Black Hole Alert: Fannie, Freddie Cash Needs May Exceed $200 Billion

The Freddie/Fannie conservatorship, which seemed like an epic event at the time, was succeeded by so many crises, Lehman, the September/October meltdowns, AIG, the European bank rescues, that it seems like a distant memory. But the Treasury made a commitment to maintain positive net worth for both the mortgage lenders/guarantors and was remarkably non-specific as to what the damage over time might be (a $100 billion authorization for each from July looked to be more than adequate, or so we ere told). CBO estimates were not helpful, since the Treasury commitment was formally through the end of 2009 (meaning that time frame was all the CBO could opine on) when the backup would clearly be renewed.

Bloomberg gives us an update, and of course, the liability simply through the end of 2009 is much bigger than the officialdom pretended:

Fannie Mae and Freddie Mac, the mortgage-finance companies seized by regulators, may need more than the $200 billion in funding pledged by the U.S. government if the housing market continues to deteriorate, Federal Housing Finance Agency Director James Lockhart said….

“When we sized the amount in September, we obviously looked at stress tests and what was happening in the marketplace,” Lockhart said. “There’s been some significant events since then that weren’t in our forecast.”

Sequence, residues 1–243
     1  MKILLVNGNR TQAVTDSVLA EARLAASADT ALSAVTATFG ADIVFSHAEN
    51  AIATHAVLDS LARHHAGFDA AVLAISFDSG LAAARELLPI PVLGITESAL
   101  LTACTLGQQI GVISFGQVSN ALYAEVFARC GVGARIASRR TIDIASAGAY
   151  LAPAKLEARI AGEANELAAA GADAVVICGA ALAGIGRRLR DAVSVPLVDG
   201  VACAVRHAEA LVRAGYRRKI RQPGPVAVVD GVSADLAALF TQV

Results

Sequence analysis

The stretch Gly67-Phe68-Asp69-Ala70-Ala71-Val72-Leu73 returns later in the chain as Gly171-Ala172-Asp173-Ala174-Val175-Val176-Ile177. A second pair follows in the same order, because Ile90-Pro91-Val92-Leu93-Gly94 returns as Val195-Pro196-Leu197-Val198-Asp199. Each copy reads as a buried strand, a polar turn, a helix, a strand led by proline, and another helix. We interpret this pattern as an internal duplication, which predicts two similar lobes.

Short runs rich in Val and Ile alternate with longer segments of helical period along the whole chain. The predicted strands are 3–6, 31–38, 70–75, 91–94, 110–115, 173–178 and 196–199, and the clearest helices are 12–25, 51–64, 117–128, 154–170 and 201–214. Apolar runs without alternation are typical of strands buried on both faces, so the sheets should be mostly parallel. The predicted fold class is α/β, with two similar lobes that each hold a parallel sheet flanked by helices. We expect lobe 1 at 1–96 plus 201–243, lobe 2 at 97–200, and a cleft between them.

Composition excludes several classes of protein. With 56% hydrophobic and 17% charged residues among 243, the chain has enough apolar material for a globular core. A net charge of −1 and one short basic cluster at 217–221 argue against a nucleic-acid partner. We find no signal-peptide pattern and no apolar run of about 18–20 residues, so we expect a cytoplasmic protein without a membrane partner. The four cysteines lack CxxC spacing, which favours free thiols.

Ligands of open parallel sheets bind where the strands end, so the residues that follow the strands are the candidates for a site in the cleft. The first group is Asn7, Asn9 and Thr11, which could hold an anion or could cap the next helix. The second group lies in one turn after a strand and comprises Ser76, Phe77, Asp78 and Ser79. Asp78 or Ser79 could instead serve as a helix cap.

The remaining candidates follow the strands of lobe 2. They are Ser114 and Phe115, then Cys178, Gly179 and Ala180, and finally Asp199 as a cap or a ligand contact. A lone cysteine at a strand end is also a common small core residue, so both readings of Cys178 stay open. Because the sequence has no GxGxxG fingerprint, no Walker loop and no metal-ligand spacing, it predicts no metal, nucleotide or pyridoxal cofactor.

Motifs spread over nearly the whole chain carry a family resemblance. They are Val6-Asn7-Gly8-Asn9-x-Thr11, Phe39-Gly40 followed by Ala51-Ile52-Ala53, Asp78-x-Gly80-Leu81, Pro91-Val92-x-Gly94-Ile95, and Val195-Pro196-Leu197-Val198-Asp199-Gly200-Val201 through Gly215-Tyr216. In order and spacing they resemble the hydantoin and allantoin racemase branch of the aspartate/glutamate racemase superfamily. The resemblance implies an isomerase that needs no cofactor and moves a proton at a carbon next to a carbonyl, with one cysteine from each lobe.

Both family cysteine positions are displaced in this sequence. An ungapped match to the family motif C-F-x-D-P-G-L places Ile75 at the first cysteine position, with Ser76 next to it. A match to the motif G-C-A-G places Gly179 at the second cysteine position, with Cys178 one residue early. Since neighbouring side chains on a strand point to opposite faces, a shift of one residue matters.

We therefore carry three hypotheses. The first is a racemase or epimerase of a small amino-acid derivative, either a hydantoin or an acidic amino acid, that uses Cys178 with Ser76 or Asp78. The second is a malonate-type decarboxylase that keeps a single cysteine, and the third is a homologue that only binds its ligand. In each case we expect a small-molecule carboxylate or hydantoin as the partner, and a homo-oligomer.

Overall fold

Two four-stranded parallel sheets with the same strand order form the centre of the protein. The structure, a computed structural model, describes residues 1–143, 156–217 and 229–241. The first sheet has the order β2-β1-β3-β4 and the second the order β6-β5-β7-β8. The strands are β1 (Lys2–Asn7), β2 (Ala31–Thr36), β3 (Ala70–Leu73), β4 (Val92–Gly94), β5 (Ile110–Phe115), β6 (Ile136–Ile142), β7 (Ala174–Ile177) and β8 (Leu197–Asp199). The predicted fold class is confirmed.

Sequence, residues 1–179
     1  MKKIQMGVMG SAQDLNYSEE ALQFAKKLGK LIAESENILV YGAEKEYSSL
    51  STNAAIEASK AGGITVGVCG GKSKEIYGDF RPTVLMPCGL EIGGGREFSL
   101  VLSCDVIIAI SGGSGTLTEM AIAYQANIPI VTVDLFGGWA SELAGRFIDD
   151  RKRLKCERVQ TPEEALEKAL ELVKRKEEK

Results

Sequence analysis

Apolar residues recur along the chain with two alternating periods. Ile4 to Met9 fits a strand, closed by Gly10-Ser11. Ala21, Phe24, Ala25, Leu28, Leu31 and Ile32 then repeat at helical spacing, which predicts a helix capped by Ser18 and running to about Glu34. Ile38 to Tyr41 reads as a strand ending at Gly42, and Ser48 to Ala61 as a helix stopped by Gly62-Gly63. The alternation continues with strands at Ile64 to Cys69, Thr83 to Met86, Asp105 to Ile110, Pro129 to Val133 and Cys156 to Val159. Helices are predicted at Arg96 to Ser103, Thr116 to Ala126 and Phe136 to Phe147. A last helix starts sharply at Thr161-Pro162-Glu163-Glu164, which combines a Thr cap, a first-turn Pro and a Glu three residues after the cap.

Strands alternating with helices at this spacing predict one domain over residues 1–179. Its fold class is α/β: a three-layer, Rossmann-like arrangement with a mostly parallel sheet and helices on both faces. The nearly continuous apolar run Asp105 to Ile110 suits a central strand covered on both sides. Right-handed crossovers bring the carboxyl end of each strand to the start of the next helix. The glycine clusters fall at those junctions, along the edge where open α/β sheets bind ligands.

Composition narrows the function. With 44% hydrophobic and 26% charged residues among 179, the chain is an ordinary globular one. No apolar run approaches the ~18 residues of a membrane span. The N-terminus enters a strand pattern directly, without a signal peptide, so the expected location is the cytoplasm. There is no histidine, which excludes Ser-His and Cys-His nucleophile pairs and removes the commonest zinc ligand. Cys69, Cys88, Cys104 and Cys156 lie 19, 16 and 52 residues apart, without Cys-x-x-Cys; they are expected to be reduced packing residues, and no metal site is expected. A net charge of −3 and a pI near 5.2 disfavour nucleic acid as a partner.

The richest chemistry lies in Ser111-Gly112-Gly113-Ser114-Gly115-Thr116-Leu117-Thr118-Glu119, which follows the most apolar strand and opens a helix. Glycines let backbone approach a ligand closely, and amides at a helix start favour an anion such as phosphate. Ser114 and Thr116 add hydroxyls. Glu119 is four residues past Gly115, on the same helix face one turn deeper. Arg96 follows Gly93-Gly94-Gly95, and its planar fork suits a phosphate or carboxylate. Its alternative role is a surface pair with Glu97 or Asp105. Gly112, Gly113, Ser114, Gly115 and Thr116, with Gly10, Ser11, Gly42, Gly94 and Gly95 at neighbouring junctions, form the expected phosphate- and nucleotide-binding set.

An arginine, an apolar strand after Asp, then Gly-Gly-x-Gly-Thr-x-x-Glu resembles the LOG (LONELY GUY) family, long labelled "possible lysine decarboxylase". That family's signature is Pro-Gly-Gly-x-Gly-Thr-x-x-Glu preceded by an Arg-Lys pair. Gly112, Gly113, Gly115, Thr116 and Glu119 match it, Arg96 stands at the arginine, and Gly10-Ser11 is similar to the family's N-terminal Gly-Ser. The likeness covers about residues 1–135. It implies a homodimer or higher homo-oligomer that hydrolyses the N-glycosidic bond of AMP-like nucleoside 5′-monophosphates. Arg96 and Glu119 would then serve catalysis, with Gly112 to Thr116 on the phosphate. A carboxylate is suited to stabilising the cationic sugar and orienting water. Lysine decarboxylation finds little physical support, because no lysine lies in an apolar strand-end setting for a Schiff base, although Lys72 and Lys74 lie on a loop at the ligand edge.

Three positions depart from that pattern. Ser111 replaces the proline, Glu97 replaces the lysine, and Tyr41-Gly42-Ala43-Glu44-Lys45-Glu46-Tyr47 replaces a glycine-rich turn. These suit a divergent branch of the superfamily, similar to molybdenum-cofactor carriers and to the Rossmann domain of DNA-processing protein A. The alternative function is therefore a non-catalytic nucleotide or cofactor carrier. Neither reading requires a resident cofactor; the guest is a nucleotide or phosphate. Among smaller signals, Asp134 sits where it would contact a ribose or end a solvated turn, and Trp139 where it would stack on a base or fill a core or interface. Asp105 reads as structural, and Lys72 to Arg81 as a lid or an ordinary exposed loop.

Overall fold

Yves here. Ahem, by September, many forecasters were looking for housing prices to revert to historical norms in terms of their relationship to income and rents. That suggested a 30-35% fall from peak to trough. That’s before you get into overshoot due to rising unemployment and typical bank tightening of lending standards in downturns. Back to the article:

The government seized control of Fannie Mae and Freddie Mac after their losses threatened to further disrupt the housing market, and pledged to invest as much as $100 billion into each company as needed if the value of their assets drops below the amount they owe on obligations.

Fannie Mae said in a November regulatory filing that “this commitment may not be sufficient to keep us in solvent condition or from being placed into receivership.” Freddie Mac is taking a “hard look” at whether it will need more than $100 billion, [Chairman John] Koskinen said last week….

Federal officials are now leaning on the government- sponsored enterprises to help stabilize the housing market. House Financial Services Committee Chairman Barney Frank said last week that the companies will be used “very aggressively” to help reduce record foreclosures.